Salty Dog Cycling

a healthy lust for cycling…

Archive for the ‘urban’ Category

big box fixie

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Our great uncle sam walton’s local mart is now selling fixie bikes online for the low low price of $149… not sure how shipping works out, but I’m sure no matter how it’s shipped, it’s still a piece…

well any way here’s the story via gawker, who’s probably responsible for making the bikes sell out.  Downside is that it’s a hit for legit bike makers/shops.  Upside, maybe more folks on bikes… Major Upside, a healthy hit to the ego for the hipster.  Welcome to cult mass production.


Written by yellow fork

April 7, 2010 at 10:50 pm

Posted in bikes, urban

Tagged with , , , , ,

Visual Values

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Martha Kang McGill illustrates the commuting habits of eight major U.S. cities based on the 2008 U.S. Census Bureau American Community Survey.
the fine print…
via For the Love of Bikes
via Out of Habit via Infrastructure

Written by yellow fork

February 23, 2010 at 4:22 pm

Cycling Quote

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From an interview in Cycling and Society, Horten, Rosen, Cox (p. 39), Essay Cycling the City by Justin Spinney, in reference to riding in a busy intersection.

“Yeah, that’s one of the great exciting things about places like that, you have to be super alert because everything is coming at you from all directions, and you’re working on those gaps and you shoot through it and it disappears.  You’re working within …. you know that the gaps are going, it’s like watching a wave break or something; it’s going to be there for that amount of time (snaps fingers) and it’s gone and it’ll never be there again.  And Hyde Park Corner or any of the big complexes really excite and I like that.  Berkeley Square is another one.  You ‘switch on’ to Berkeley Square as soon as there’s a gap …. those moments when you know it’s all happening, they’re really exciting because all your sensory hairs stand up, you’re listening and looking … it’s all crucial (interview, with bike messenger, 11/15/05).”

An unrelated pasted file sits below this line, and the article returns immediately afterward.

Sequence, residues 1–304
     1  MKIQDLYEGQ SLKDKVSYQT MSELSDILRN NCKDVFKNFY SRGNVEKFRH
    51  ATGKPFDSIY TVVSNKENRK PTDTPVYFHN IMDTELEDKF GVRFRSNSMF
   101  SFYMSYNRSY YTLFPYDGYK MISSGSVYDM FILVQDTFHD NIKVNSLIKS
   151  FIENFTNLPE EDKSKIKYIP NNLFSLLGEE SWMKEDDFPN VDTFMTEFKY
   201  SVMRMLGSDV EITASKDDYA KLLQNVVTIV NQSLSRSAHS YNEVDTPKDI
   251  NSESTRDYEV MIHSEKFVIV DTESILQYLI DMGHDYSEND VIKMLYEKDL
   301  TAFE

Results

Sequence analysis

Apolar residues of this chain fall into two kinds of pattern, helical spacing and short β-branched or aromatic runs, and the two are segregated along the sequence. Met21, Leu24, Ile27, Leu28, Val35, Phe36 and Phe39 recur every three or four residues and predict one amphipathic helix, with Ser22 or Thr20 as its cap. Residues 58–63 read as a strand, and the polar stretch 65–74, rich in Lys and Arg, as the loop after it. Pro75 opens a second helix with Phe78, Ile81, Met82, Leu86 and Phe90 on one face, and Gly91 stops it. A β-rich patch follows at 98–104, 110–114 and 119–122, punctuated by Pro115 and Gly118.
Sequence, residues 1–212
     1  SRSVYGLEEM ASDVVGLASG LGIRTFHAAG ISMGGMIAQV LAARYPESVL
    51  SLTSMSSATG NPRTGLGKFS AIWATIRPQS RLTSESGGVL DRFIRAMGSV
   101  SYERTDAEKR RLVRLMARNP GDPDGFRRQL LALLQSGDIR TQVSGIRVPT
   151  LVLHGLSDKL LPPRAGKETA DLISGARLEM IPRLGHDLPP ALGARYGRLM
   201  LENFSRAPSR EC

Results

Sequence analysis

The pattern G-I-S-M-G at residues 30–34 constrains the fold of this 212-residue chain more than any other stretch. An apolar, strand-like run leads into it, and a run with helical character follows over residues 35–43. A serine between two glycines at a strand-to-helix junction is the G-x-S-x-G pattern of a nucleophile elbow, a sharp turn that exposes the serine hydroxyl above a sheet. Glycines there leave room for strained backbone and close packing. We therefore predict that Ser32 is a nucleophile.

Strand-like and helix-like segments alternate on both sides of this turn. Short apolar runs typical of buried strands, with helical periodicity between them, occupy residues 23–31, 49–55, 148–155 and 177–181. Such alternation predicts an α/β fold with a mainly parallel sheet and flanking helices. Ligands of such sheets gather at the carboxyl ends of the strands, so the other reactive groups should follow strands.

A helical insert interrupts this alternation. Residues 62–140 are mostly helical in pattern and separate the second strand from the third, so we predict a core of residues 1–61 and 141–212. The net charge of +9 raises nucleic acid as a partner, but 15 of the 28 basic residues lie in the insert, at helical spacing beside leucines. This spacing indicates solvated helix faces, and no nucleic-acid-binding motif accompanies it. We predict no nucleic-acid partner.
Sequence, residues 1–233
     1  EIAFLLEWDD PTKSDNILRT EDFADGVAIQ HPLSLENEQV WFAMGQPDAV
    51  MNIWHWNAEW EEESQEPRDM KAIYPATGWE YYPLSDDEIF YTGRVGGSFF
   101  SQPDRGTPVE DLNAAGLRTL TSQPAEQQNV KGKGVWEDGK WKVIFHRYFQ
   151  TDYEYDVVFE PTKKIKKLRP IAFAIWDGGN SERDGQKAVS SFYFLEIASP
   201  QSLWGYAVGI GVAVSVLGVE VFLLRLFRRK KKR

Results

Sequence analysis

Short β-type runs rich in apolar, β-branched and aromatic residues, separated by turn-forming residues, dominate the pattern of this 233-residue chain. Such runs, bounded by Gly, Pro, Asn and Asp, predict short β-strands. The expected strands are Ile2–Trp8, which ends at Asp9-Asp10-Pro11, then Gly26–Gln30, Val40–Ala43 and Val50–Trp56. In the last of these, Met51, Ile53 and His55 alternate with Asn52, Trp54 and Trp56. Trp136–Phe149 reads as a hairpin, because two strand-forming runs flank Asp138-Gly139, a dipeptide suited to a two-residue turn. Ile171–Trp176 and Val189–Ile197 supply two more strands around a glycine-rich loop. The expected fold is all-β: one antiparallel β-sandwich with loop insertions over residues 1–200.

I just love the comparison of the traffic flow to that of a wave.  Enjoy the ride!

– Salty Dog

Written by yellow fork

February 17, 2010 at 4:20 pm

Policing from the Bike

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Some behind the scene on Bicycle Policing from


By Jonathan Kozlowski

     While the majority of the country is hit by flash flooding and snow storms, riding a bicycle might not be the on top of many agencies’ minds. What better place than Florida, then, to explain the benefits of mobilizing a bike patrol rather than locking it up to rust in the weather.

     Behind the wheel officers have access to, if installed, a mobile data terminal, high-caliber firearms possibly mounted or stored in the trunk, console storage for paperwork and (possibly the most specific) a mechanical engine. Even the motorcycle officer has this advantage to chase a suspect at 60 mph. While the bicycle typically doesn’t experience high speeds, these differences can ultimately lead to the bike’s benefits.

     “The challenges between being on a bicycle or in a police car are no different,” says Sgt. Frank Sousa of the Fort Lauderdale (Fla.) Police Department. “The nature of the work is the same — you’re just on a bike.”

     Fort Lauderdale posts a bicycle patrol part time, sending officers to other jurisdictions when needed, Miami Beach for example.

     There, according to Sgt. Jeff Cohen of the Miami Beach PD motorcycle unit and bicycle unit trainer, events like major holidays and football championships bring in a massive amount of tourists. To combat this influx, Miami Beach trains each officer in a 30-hour bicycle course whether he or she is headed to the bicycle unit or not. “We call them ‘Rapid Response Units’ because when traffic is bad they can much more rapidly respond than anybody else,’ says Cohen.

     This training opens a lot of officer’s eyes to the bicycle. Sousa recollects that when he began his bicycle training instructors told him he had to go up some stairs on bikes. “I was like, ‘That’s impossible,’ but it’s not — a lot of it is mental, learning how you can and what you cannot do with [the bike].” He says officers should look at a bicycle as another law enforcement tool, comparing it to learning the firearm.

     “[After training] I had a whole new respect for the bicycle … you can do so much on a bicycle that you would think is not possible,” he adds.

Tactics     An obvious difference between patrol car and bicycle, even motorcycle and bicycle, is how much the officer is exposed. Overcoming this involves less special-effect dare-devil moves but rather a new way of thinking.

     “We train all the time, regardless of being on a bike or on patrol,” says Sousa. “We train for a multitude of things … every time something happens you learn from it.”